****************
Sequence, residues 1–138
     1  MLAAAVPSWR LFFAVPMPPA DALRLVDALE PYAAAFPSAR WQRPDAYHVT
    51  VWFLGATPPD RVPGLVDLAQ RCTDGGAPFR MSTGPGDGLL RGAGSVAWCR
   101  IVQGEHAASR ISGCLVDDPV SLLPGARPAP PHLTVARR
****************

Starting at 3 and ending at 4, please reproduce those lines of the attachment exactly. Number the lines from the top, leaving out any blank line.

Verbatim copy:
    51  VWFLGATPPD RVPGLVDLAQ RCTDGGAPFR MSTGPGDGLL RGAGSVAWCR
   101  IVQGEHAASR ISGCLVDDPV SLLPGARPAP PHLTVARR